Posted by Gilmour Poincaree on November 10, 2008

Monday, November 10, 2008

Many Hong Kong investors are asking whether it’s time to get back into the stock market.

Dr Check agrees that many shares are cheap now, even cheaper than during the SARS epidemic in 2003.

Also there is around HK$6.03 trillion in deposits in the Hong Kong banking system.

But if the US and European economies slow down, falling corporate earnings will lift the expected price AP photoearnings ratio. Stock valuations will become expensive again. So far, we cannot see any decoupling in the Hong Kong and mainland markets, but the percentage drops in these bourses have been greater than on Wall Street.

So, Dr Check’s advice is to wait until two final signs emerge – when the market is so bearish nobody wants to talk about buying stocks and when even bad news cannot push a stock price down any further.

If you go bargain hunting, stick to relatively safe shares for the short term and aim for a profit of 20 percent.

One such stock is China Molybdenum (3993), the country’s second- biggest producer of the metal used in steelmaking. In August, the management forecast a global shortage of 2,000 tonnes this year and probably next year as production declines. This will keep prices from falling.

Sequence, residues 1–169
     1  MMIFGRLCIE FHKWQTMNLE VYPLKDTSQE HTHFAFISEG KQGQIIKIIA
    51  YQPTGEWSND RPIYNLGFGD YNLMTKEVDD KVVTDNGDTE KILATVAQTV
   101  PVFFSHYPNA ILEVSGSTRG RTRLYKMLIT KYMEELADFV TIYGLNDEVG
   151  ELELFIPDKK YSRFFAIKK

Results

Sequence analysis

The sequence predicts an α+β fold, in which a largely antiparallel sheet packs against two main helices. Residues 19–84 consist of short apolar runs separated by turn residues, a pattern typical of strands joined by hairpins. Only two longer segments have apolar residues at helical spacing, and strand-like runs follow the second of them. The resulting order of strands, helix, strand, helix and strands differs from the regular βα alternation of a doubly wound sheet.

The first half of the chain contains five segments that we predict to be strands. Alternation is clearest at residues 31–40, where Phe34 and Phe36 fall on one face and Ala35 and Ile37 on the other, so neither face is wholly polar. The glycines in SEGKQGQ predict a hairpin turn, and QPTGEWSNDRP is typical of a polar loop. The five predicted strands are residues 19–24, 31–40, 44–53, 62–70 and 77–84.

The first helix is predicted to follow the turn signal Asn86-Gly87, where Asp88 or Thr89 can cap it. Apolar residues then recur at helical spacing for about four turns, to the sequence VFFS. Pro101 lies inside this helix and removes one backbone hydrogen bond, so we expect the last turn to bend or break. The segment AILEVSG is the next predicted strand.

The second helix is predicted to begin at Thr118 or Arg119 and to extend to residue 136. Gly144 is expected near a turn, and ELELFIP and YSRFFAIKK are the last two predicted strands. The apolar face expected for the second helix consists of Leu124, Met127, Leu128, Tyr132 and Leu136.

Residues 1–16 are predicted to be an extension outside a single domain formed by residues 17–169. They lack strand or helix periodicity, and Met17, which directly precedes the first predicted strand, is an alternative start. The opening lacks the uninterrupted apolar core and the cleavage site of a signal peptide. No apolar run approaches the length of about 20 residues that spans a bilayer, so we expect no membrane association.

UBS cut its target price for China Molybdenum to HK$4.40 from HK$6.20, to reflect a lower price forecast and higher risk-free rate, but retained its “buy” call. UBS also lowered its earnings per share estimate for the firm by 39 percent for 2009 and 12 percent for 2010.

CLSA expects earnings to fall to 1.72 billion yuan (HK$1.95 billion) and 1.43 billion yuan in 2009 and 2010, respectively.

China Molybdenum was listed in Hong Kong in April last year at HK$6.80 per share. It rose to an all- time high of HK$21.40 after six months before diving to HK$1.46 recently. It closed at HK$2.76 on Friday.

The company raised HK$7.1 billion from its IPO. Recent figures show that it still has HK$5.9 billion cash or HK$1.29 per share. If the share falls below HK$2 again, it’s really worth a pick.

Dr Check and/or The Standard bear no responsibility for any investment decision made based on the views expressed in this column.




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